07 Nov 2013

Here it is: the Future of Colour

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The Future of Colour The Future of Colour RedShark



Amid all the recent fuss over 4K, it's easy to get caught up in the enthusiasm over resolution. Shooting a video frame that's the size of a photo taken by a stills camera is no bad thing, of course, but colour and contrast are still the most eye-catching properties on an image. But now we know what the future holds for colour

4K for 2K

Many people, even now, are shooting 4K for a 2K finish even if they're not interested in future-proofing because of the drop in noise and increase in sharpness that can be had by downsampling such a large image. But there are also all kinds of potential problems, from the increase in the demands we're putting on lenses and focus pullers, to the increased precision with which production design must be done. After all, when you can see every brushstroke, one needs to be careful about how the inside of your high-value sci-fi spaceship is painted. It's easy to overlook the fact that that's something which has a cost to it just as much as better lenses or a focus puller who's more in touch with his inner zen. What actors who worry about not being in the first flush of youth think of this situation, I hate to think, but I've long heard people used to looking at video tapes decry conventional HD for being too sharp.

Colour Rendering

So, more pixels. Be quiet, now, film people. It's sharper than 35. Until recently, though, one area where video tended to fail horribly in comparisons to film was colour rendering. While in practice these things are quite carefully controlled, a cinematographer once had (and to some extent has) the option not only of more muted or more saturated negative stocks, but also the high contrast and saturation of reversal, with or without cross processing or other tricks. At presentation, a film projector can project any colour that happens to arrive in its gate. The colours of film are limited only by chemistry, albeit complex chemistry which is the subject of much research, whereas the colours available to digital systems need to be decided up-front, before cameras and monitors are designed with their built-in red, green and blue filters.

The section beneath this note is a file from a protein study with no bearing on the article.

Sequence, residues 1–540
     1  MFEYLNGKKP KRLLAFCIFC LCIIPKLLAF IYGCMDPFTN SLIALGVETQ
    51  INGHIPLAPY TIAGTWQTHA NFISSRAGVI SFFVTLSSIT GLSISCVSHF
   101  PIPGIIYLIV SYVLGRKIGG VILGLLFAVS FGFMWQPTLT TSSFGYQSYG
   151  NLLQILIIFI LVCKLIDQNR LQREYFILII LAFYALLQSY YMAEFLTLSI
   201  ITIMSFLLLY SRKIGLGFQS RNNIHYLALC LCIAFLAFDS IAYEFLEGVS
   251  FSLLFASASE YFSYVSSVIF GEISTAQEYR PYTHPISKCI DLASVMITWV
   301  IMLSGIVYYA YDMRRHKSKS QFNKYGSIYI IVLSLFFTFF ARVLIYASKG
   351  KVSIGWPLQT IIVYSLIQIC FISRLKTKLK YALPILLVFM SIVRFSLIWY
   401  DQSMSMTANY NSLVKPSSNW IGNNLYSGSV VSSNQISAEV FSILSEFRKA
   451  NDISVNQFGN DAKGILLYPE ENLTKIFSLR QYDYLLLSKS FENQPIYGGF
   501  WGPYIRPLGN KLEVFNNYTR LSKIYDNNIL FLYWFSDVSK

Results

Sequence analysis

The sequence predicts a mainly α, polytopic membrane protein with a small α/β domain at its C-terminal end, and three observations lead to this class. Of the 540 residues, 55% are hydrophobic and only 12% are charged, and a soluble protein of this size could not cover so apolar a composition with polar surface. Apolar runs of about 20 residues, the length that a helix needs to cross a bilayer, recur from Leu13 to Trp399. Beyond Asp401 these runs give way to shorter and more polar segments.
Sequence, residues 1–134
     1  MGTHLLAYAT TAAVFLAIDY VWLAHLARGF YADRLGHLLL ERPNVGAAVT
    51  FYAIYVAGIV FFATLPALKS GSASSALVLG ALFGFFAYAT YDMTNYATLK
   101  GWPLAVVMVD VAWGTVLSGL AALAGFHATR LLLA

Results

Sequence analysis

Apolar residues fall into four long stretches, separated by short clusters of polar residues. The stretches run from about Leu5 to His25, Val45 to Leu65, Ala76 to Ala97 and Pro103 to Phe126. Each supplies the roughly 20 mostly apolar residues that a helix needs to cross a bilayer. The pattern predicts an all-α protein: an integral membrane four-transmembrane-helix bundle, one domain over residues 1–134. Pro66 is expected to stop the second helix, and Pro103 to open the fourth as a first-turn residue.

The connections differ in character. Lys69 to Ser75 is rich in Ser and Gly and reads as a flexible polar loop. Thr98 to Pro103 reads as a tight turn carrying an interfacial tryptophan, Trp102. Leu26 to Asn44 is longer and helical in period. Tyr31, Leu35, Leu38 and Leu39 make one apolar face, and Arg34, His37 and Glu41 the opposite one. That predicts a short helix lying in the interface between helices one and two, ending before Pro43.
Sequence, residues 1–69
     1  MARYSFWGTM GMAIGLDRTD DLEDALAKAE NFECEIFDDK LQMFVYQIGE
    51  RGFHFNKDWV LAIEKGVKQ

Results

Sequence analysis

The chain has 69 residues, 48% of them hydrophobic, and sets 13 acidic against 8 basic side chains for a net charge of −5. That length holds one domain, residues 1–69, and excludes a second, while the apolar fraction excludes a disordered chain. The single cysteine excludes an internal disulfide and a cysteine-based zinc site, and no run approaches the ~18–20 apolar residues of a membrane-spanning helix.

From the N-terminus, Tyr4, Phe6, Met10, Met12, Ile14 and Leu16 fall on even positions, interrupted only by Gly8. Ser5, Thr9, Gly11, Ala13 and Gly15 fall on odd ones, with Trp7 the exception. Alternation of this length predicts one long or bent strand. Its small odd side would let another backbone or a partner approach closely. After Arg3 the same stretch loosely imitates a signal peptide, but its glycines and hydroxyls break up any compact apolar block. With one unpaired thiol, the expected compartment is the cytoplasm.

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Phil Rhodes

Phil Rhodes is a Cinematographer, Technologist, Writer and above all Communicator. Never afraid to speak his mind, and always worth listening to, he's a frequent contributor to RedShark.

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